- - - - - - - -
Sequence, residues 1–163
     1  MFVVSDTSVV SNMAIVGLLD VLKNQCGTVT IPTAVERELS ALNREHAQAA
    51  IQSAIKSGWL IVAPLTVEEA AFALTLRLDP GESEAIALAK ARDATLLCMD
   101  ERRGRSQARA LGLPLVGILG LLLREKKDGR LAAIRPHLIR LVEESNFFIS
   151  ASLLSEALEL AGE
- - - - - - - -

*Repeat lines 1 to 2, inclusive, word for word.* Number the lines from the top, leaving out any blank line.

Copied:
Sequence, residues 1–163
     1  MFVVSDTSVV SNMAIVGLLD VLKNQCGTVT IPTAVERELS ALNREHAQAA